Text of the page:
How Long Does Fondant Last? Does Fondant Go Bad?

If you love binge-watching shows like ‘Cake Boss’ or ‘Cupcake Wars,’ you are likely to have heard the word fondant thrown around quite a bit.

Any baker, however amateur, knows what it means. If the word doesn’t ring any bell, we’re here to help you out.

In the simplest of terms, fondant is the icing that is used to create the perfectly smooth covering on cakes.

Its purpose is similar to traditionally used buttercream, but fondant is a little low on the flavor and may sometimes be removed from the cake before eating.

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Bakers love using fondant as icing because of its ability to withstand a change in temperature.

Fondant is also easily customizable because it comes in many flavors and colors.

Fondant is typically made of sugar, corn syrup, and water. It can be molded into interesting three-dimensional shapes or converted into liquid form.

While this is all well and good, fondant comes with its own usable date.

In this article, we shall unwrap questions such as how long does fondant last? And how do I know if a fondant batch has gone bad?

How Long Does Fondant Last? Does Fondant Go Bad?

If stored under ideal conditions, rolled fondant normally has a shelf life of about six months to a year.

However, the time period about the usability of fondant is a topic that many bakers still cannot decide on a definite answer.

There is one group of people who say that it is usable for one or two months when stored at room temperature.

Then, there are others who are of the view that fondant can be used indefinitely because it does not spoil.

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Here’s the thing – storing fondant is different from storing fondant-covered cakes.

Fondant by itself remains edible for months, but a cake that is covered in the same has a shelf life of mere three or four days.

It is also important to note that it is not ideal to refrigerate fondant cakes as a whole.

Cut the cake up into slices, place them slice by slice in a plastic wrap, and then put them in a clean and dry container.

Regardless of your baking experience, there are a few hacks you should know to make the most of fondant.

For instance, it is vital that the leftover fondant is properly wrapped and sealed.

Otherwise, it can dry out quickly and become unusable. It is also advisable to keep fondant away from direct sunlight to prevent a change in color.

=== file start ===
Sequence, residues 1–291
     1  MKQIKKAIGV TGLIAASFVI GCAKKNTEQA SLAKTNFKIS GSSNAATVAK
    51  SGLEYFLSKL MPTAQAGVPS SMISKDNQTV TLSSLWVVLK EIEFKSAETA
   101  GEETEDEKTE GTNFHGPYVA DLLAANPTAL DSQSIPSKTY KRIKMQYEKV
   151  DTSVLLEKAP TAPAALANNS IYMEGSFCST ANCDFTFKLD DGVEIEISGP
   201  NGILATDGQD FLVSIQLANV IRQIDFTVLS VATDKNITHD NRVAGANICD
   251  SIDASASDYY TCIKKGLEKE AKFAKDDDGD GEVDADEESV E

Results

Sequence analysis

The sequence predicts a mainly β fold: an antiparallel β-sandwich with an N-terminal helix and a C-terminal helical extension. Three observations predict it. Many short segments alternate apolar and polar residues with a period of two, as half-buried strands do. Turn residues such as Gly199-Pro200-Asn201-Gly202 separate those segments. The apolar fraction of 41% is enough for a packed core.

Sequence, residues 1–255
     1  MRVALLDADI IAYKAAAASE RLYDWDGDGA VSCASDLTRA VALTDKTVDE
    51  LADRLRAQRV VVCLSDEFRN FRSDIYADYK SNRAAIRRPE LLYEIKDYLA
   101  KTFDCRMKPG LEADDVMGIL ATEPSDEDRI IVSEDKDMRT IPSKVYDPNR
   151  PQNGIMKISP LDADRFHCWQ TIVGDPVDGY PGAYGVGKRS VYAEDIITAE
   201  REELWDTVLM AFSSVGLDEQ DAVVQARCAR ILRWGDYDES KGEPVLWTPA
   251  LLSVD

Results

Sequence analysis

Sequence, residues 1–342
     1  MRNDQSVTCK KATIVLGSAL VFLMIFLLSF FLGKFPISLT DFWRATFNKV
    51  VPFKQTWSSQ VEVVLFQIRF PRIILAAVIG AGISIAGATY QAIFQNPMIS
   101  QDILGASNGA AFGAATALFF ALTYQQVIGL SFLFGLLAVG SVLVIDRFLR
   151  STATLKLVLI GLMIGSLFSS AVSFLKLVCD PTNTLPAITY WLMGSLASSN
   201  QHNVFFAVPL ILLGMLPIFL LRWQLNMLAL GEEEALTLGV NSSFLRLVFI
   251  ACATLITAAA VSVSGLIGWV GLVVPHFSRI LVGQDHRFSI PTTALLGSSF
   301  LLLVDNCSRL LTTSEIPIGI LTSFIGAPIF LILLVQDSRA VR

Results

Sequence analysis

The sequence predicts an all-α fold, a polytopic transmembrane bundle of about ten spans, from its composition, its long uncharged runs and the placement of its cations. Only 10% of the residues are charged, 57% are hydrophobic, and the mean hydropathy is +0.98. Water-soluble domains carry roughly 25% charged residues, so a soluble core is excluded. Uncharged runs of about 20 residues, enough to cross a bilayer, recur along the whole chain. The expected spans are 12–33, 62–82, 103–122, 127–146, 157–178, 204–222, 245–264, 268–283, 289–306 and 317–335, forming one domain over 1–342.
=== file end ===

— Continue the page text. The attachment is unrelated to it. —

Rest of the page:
A drastic change in temperatures should also be avoided to prevent the appearance of bubbles under the fondant.

It is also not uncommon to freeze fondant several days before usage, but research indicates that doing so isn’t the best idea.

Freezing fondant is believed to change its texture and consistency. Using fresh fondant is easier.

Fondant does not get on well with water too. In case of contact, your fondant batch can develop small craters or patches.

It also picks up lint and dirt easily, so be sure to check that your hands are clean and that you are appropriately dressed when working with fondants.

How to Tell if Fondant Is Bad? Fondant Shelf Life!

At its core, fondant is yet another form of sugar. Given its make-up, it makes sense to say that it does not spoil. But it does damage.

A fondant batch you recently bought may have about two years of ‘use by’ date, but it will serve you better to use it as early as possible (preferably within six months).

‘Damaged’ fondant tends to change color, either slightly or majorly. Its texture also usually indicates its freshness.

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A batch of fondant is good to use as long as it feels soft. Stiff fondant is a sign that it has been exposed to air, making it unusable.

Another way to know if a fondant batch is spoiled is to take a look at its texture. If there is sugar beading, the fondant may no longer be edible.

The final testing methods to check if fondant is spoiled are to smell and taste it.

If the fondant already has a rancid smell, don’t bother tasting it. Simply throw the entire thing out.

Conclusion

Bakers love our fondant because of several reasons. Firstly, it offers tons of options to work with, whether it’s with regard to its color or flavor.

Plus, they are quite stable when compared to other types of icing, say buttercream.

Fondant-covered cakes are still delicate, but they are able to put up with pressure without crumbling over at the first signs of stress.

Most importantly, fondant is easy to work with. With enough practice, you can create the most complex flower or figurine detailing in cakes using fondant.

It may not taste the best, but fondant definitely simplifies our cake-decorating needs.

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